Advocacy for Simplification
It has been a year since SPE launched the Oil and Gas Facilities magazine, and the number of subscribers has doubled. This is great news and demonstrates that the magazine is gaining traction and appeals to you—the projects, facilities, and construction (PFC) engineer.
SPE has more than 8,000 members who have selected PFC as their technical affiliation, and this number continues to grow. Our goal with this publication is to inform, enlighten, and challenge our constituency. It provides a vehicle for disseminating technical information through peer-reviewed papers and feature articles covering the broader topics of our business. My question to you is: Are we meeting your needs? If you have suggestions or recommendations for improvement, let us know.
One of the most enjoyable parts of my job is traveling the globe and interacting with people of various cultures whose jobs and levels within an organization differ from my own. Over the years, I have met impressive folks who are in complete command of what they do and how they do it.
They have learned the skills they need for their jobs and how to use the skills of others to help them carry out their jobs more effectively. I have admired these people because most of the time, my world moves between chaos and panic. I aspire to be in a situation where I am in complete command of what I do and how I do it.
I was pondering this on a trans-Atlantic flight recently and was mulling over an article that advocated the need for simplicity in business. We make things more complicated than they need to be, and this burdens us with work of no value and often leads to frustration and underperformance.
I can identify with this, and I suspect many of you can as well. How many of your daily work tasks seem too complicated or burdensome? Based on dialogue last week with a number of facilities engineers in Houston, overcomplication seems to have reached epidemic proportions.
Because I’m always up for a challenge, I am going to embrace the concept of simplicity this year. I am in search of a simpler, more effective way of doing my job, dealing with others, and using the 1,440 minutes in a day more effectively and more productively.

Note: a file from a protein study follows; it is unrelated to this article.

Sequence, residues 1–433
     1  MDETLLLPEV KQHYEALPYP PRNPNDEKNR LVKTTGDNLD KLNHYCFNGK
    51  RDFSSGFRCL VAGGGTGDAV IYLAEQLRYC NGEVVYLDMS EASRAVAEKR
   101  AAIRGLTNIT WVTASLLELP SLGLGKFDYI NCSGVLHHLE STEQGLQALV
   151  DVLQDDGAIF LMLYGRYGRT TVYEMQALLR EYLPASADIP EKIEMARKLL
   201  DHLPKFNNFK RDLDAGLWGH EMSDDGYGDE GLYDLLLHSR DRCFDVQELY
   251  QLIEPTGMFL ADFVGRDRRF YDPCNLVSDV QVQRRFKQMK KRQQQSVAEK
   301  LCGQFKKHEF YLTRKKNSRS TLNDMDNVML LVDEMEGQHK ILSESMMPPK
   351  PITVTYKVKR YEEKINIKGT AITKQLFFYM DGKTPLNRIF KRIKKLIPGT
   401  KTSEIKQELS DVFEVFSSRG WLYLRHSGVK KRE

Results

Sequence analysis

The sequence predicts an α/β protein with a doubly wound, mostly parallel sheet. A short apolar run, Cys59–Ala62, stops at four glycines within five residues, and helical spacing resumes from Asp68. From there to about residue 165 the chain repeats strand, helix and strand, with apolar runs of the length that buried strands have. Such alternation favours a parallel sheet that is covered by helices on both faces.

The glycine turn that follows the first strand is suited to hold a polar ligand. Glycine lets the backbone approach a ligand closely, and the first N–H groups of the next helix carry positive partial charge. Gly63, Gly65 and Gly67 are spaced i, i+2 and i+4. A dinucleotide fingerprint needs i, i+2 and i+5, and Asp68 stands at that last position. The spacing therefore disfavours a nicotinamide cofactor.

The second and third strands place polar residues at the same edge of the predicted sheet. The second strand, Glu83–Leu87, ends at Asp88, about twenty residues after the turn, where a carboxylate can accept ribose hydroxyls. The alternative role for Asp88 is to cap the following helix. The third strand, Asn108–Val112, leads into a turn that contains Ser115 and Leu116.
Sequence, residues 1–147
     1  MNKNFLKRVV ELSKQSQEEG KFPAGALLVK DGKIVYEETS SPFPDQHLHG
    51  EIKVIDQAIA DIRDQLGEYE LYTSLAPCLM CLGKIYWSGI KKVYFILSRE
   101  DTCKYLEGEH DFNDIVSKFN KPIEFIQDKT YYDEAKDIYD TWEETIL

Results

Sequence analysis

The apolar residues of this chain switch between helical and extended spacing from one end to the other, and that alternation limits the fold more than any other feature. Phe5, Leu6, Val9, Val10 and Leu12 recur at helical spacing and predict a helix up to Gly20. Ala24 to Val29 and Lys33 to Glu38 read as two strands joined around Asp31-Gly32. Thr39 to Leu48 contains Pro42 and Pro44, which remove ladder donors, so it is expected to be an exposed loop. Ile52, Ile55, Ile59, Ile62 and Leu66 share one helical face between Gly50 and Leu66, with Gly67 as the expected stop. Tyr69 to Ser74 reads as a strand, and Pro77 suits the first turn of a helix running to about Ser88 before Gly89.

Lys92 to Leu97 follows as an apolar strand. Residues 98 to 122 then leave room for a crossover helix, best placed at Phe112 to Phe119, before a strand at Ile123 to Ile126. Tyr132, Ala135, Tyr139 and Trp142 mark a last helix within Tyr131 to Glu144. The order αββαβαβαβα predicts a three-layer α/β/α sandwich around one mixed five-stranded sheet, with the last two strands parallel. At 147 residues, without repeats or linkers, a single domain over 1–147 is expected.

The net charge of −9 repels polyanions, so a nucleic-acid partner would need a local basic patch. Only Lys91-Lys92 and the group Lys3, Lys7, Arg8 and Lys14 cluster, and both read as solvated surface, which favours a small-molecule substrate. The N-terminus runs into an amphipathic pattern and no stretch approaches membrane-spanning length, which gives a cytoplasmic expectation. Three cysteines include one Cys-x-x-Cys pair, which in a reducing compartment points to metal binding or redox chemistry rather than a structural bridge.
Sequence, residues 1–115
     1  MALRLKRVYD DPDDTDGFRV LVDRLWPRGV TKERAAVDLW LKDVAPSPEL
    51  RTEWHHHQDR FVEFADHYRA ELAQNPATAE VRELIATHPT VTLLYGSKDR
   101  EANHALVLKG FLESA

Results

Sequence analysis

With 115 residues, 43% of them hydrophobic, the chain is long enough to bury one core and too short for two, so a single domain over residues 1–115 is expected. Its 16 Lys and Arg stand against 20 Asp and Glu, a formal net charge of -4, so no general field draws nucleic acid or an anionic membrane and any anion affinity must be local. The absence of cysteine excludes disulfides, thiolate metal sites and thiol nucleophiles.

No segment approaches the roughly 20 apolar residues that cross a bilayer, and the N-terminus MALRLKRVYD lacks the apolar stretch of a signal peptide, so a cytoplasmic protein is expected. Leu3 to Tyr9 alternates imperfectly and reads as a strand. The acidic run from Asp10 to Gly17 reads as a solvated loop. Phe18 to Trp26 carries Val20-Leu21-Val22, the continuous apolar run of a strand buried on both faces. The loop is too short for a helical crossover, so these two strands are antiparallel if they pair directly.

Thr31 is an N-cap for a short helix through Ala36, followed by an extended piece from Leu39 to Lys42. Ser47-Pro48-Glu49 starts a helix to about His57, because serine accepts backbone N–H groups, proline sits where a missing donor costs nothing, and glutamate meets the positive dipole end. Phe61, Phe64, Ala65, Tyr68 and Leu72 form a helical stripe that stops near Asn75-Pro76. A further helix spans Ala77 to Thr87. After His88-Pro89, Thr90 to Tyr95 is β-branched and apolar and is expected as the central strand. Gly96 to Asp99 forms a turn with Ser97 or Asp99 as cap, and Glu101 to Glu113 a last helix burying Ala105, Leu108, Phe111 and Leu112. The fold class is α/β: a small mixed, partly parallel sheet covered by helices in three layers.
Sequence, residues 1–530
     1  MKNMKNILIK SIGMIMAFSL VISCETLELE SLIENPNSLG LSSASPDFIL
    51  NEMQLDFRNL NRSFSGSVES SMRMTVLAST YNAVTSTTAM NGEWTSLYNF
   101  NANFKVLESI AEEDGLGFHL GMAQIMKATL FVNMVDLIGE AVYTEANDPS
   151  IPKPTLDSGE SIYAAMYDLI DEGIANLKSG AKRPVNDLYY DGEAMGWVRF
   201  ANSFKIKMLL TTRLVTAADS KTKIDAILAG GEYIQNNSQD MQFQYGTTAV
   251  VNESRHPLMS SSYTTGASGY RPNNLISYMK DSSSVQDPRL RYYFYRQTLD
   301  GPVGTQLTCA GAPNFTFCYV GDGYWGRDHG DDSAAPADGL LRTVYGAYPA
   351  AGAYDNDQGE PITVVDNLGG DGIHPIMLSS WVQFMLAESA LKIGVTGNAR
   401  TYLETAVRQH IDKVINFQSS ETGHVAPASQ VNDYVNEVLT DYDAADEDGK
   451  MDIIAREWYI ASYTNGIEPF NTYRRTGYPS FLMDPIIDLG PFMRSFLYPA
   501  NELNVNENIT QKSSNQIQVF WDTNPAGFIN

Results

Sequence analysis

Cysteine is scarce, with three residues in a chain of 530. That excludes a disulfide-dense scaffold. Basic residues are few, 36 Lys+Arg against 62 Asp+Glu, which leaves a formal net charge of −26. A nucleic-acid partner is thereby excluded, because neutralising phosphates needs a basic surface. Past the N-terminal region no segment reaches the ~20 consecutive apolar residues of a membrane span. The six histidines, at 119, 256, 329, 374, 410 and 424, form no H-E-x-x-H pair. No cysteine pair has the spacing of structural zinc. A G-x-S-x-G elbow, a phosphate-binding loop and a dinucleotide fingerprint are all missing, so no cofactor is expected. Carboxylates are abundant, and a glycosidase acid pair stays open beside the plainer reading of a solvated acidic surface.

I realize that the workflow/process concept of simplicity is not strictly engineering or technology. In many cases, the best engineering solutions are simple, and the best technologies are often simple and elegant. If we can use this concept in our work product, why not adopt it in our work processes?
This year is shaping up to be an important one for technology development in the facilities engineering realm. Over the past few years, investment in facilities engineering technologies has increased dramatically, mostly driven by the move to deeper water and the need to deal with higher temperatures and pressures. Innovation abounds in all sectors of our business, and the concept of the intelligent, or digital, field is being realized at several projects.
Of particular interest to me is a change in business drivers for investment in key facilities technologies. The focus has shifted from capital efficiency to improved oil and gas recovery (IOR). Seafloor boosting, for example, is now seen in this light.
The industry’s early view was that the boosting of reservoir fluid pressure was a means of moving hydrocarbons over longer distances and eliminating the need for a local host—the focus was on capital expenditure and efficiency. Today, we look for opportunities to apply boosting technology to lower backpressure in the reservoir and improve oil recovery.
The difference in the two approaches is subtle but significant. The value proposition related to incremental oil and gas recoveries is greater than elimination/reduction of capital, even in multibillion-dollar projects.
Facilities technology selection and application for IOR requires multifunctional input and a comprehensive understanding of both reservoir and facilities infrastructure performance over the full life of field.
Uncertainties abound, and technology qualification to meet these new frontier challenges is difficult and complex, often involving multiple technology components and multiple suppliers.
This presents an area that could benefit from the application of my newly embraced philosophy of simplicity. Watch this column—I will let you know how I progress.
Paul S. Jones is the subsea manager at Chevron and a past SPE technical director for Projects, Facilities, and Construction. He is a member of the Editorial Board of Oil and Gas Facilities.
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